Inspiring Messages, New Leadership Elected at CEA Retired Meeting
“You have immense knowledge and experience that is crucial for the growth of our organization,” CEA Executive Director Mark Waxenberg told CEA Retired members at their Annual Spring Business Meeting this morning. He added, “We are a more robust organization because of the involvement of members — from college students to retirees.”
More than 150 retired educators discussed business and held elections at this morning’s meeting at the Aqua Turf in Southington. The assembled members elected Gloria Brown president, Bill Murray vice president, Pat Foley secretary, and Ina Smernoff treasurer.
Besides Waxenberg, members also heard from CEA President Sheila Cohen, outgoing CEA Retired President Jon-Paul Roden, Brown, outgoing CEA Retired Vice President Greta Stanford, and Al Campos of NEA’s Government Relations Department. Cohen thanked the CEA Retired members for all that they do. “I was so thankful to have so many retired members behind me when I testified before a legislative committee about the Retired Teachers Health Insurance Fund,” she said.
Speaking about Roden, who serves on the NEA-Retired Executive Council, Cohen said, “Jon-Paul is so well-known on the national level, and the work he does brings pride to Connecticut.”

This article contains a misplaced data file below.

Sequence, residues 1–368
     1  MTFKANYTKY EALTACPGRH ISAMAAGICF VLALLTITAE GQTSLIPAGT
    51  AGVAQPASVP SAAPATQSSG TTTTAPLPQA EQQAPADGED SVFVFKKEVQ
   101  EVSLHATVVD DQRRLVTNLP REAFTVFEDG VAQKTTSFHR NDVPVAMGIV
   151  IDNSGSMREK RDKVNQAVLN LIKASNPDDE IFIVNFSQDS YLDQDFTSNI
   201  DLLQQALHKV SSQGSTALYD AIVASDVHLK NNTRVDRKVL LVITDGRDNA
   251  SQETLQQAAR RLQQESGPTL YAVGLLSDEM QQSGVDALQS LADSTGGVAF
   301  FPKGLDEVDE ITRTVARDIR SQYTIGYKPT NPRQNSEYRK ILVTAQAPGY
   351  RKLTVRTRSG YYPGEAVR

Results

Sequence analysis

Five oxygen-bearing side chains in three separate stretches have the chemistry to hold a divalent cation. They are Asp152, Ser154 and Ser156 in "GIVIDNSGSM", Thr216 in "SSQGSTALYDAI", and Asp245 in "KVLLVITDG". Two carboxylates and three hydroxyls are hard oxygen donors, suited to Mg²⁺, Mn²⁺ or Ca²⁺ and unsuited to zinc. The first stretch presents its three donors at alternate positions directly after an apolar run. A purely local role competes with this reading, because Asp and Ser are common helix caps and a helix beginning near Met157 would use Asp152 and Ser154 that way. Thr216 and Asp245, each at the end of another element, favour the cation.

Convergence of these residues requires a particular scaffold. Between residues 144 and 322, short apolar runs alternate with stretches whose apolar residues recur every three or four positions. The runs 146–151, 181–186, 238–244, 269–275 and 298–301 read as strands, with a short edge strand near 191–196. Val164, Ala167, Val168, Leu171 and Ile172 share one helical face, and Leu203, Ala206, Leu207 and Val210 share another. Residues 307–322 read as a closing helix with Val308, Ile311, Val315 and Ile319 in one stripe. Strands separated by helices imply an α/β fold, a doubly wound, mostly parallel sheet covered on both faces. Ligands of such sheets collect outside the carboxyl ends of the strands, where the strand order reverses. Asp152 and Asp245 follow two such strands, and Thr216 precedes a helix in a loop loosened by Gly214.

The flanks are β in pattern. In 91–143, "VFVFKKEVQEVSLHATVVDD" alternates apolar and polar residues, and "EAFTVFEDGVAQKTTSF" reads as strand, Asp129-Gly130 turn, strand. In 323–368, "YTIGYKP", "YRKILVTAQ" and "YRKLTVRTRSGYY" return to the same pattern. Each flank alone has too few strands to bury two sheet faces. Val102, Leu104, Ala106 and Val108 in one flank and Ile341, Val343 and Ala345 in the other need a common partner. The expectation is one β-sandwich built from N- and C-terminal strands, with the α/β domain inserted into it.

Campos, the keynote speaker, gave members an update on issues before the U.S. Congress. He told members about what NEA is doing about legislation potentially affecting Medicare, Medicaid, and GPO/WEP (Government Pension Offset/Windfall Elimination Provision). We will post further details here on Campos’ presentation in the coming weeks.
The newly elected CEA Retired officers will begin their three-year terms August 1. Brown told the retirees “CEA Retired members are more than historians — we made history. We went on strike in Bridgeport and the list of our accomplishments is long.”
“We still care deeply about public education,” Brown added. “I challenge you to work with me as part of CEA Retired to be become even more active in advocating for teachers and public education. There is more CEA history to be made, and I hope you will join me in being a part of it.”
Brown thanked Stanford, the first CEA Retired president, who is stepping down from the CEA Retired Advisory Council, for founding the organization and for her strong commitment to retired members. “Greta is our founding mother,” Brown said. “We are all here today because of Greta’s strong work.”
Stanford told the retired teachers, “Teaching is a noble profession. You represent all that is decent, right, and just about our society. There is no other profession that has such an important impact on the lives of children.”
Stanford continued, “When someone asks you what you did before you retired, say, ‘I was instrumental in making this world a better place. I taught.’”